Cairo – Thousands of Sudanese went out to the streets in the capital of Khartoum on Thursday to renew their demands on a full civilian government and blame the military rulers of the country behind the October coup.
Since the acquisition, protesters have repeatedly hit the streets with some of the biggest demonstrations in the last few years. According to a group of activists, Sudanese security forces have cracked down on the rally and have killed more than 40 protesters so far.
Meanwhile, the Sudanese Medical Commission, which is part of the democratic movement, said last week that 17 people were killed in a clash between Arab and non-Arab tribes in Gharb Darfur. Tribal violence has nothing to do with anti-coup protests.
A UN mission to Sudan on Thursday expressed serious concern about reports of the killings in the Darfur region of Jebel Moon. It was only now that reports of violence came out due to the almost complete communication blackouts imposed after the coup.
The demonstration on Thursday continued after the military signed a power-sharing agreement with the prime minister after the prime minister was released from house arrest and revived by the general as head of government. The agreement came almost a month after the general testified to Prime Minister Abdullah Hamdock and organized a coup that detained dozens of politicians and activists.
Hamdock’s reinstatement was the largest concession made by the military since the October 25 coup, but the transition to democratization is at stake. Major Sudanese democratization groups and political parties have rejected the deal, saying they have not reached their demand for full civilian rule.
Sudan has struggled to transition to a democratic government since the overthrow of the dictatorship Omar al-Bashir in 2019 after a massive rebellion against 30 years of his rule.
Protesters marched on Khartoum on Thursday, beating drums and waving the Sudanese flag. Many chanted, “People want to destroy the government,” and “Woe to the army!”
The Sudanese Expert Association, the group that led the uprising that culminated in the expulsion of Albasir, called for a rally and continued protesting until “a corrupt military junta was overthrown and charged with their crimes.” I swore.
Similar protests have taken place elsewhere in Sudan, including the states of Kassala, Northern Darfur, West Kordofan, and Northern Sudan. Activists distributed a video on social media showing protesters that tear gas was being fired. There were no immediate words of injury.
The agreement Hamdock signed with the military on Sunday envisions an independent technocratic cabinet led by the prime minister until a new election takes place. However, despite Hamdock’s claim that he has the power to appoint a minister, the government will still be under military scrutiny.
The agreement has offended Sudan’s democratic movement. It accuses Hamdock of allowing it to act as a fig leaf for the ongoing military regime.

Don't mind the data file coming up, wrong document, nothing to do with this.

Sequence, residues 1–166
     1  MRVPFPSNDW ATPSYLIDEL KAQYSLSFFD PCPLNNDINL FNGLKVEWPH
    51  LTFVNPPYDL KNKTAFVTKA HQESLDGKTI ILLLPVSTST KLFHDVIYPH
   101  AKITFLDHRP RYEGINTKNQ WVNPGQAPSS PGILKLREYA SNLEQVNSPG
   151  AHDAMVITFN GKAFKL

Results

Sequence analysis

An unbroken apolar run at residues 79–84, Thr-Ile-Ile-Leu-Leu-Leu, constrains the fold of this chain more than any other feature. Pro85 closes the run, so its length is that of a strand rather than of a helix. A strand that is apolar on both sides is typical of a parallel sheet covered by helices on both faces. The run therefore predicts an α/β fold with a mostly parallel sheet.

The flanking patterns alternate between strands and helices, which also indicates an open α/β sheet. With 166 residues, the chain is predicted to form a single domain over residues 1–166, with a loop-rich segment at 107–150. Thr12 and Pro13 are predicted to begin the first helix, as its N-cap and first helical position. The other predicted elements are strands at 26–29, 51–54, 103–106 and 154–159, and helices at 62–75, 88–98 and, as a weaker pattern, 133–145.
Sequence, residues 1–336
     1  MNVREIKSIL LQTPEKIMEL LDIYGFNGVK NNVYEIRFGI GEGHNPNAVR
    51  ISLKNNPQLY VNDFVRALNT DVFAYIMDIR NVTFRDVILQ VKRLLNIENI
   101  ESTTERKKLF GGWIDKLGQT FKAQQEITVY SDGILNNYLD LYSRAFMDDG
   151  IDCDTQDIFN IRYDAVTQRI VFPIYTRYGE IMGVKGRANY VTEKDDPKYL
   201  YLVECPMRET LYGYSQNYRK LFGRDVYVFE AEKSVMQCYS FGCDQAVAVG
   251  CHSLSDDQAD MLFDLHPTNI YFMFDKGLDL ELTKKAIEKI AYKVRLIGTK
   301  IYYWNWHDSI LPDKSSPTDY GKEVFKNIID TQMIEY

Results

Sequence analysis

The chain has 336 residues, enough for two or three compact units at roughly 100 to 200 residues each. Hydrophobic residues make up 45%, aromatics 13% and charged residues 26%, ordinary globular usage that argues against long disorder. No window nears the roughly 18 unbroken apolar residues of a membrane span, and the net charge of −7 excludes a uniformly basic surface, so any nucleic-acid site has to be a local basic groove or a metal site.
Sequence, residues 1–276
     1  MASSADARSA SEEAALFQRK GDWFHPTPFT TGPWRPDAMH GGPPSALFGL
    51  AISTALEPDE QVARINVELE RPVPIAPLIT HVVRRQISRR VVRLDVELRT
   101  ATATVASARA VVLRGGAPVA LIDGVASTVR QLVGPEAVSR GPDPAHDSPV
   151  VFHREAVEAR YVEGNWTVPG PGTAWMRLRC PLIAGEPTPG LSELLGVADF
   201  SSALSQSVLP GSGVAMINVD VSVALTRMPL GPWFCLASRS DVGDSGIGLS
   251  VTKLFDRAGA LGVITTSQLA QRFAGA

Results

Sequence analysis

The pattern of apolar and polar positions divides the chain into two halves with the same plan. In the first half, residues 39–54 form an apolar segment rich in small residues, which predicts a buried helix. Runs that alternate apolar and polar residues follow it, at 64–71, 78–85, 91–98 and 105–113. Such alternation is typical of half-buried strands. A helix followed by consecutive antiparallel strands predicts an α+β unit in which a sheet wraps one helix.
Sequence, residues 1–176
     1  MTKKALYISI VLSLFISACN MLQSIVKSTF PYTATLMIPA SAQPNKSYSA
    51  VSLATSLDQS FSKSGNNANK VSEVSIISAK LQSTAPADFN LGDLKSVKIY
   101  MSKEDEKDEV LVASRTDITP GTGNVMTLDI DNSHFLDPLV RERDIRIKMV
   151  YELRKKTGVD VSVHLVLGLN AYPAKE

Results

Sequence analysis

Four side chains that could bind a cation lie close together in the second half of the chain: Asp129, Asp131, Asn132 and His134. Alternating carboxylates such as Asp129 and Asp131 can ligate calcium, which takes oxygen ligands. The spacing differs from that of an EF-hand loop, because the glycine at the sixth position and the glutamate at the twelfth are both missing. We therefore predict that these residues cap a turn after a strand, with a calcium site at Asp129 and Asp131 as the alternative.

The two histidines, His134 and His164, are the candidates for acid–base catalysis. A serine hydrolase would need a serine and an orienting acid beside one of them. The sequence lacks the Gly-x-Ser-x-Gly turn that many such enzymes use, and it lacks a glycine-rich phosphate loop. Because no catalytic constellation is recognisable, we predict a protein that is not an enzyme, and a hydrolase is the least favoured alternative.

The agreement also provides for the release of all political detainees arrested after the October 25 coup. So far, several ministers and politicians have been released. The number of people still in custody remains unknown.
On Wednesday, Hamdock told a local Sudanese television channel that “the deal would be worthless” unless everything was released.
A statement from the Medical Commission on tribal violence killed 17 people and injured at least 12 in a clash at Jebel Moon in West Darfur on November 17.
Earlier, Adam Legal, a spokesman for a local organization that helps run refugee camps in Darfur, told The Associated Press that the conflict arose from a land conflict. He claimed that the paramilitary organization, Rapid Support Forces, dominated by the country’s second-strongest general, eventually intervened on behalf of the Arab tribes. He said the clash had subsided on Friday.
The International Organization for Migration said Wednesday that 9,800 people had been evacuated in the area of Jebel Moon. Some fled to nearby villages, while others crossed the border into Chad. At least six villages were affected, some of which were burned down, according to the United Nations Immigration Service.
In January, 470 people were killed in tribal violence in one of the worst episodes since the violent war in Darfur in the 2000s. Recent phlebotomy has raised the threat of the region being involved in conflict, enforcing peace agreements and questioning the government’s ability to protect civilians.
Albasir conducted a scorched earth operation in Darfur against ethnic minority rebels who accused the government of economic and political alienation. Government troops and Arab militias, primarily known as Janjaweed, were accused of widespread atrocities in the conflict, killing more than 300,000 and fleeing 2.7 million. Albasir, currently imprisoned in Khartoum, has been charged with war crimes and genocide by the International Criminal Court for violence in Darfur.
Although fighting in Darfur has gradually diminished, violence continues to intensify as Arab militias roaming the state remain heavily armed and take control of the occupied lands.
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Despite the agreement, a Sudanese rally demanding that military rulers leave
Source link Despite the agreement, a Sudanese rally demanding that military rulers leave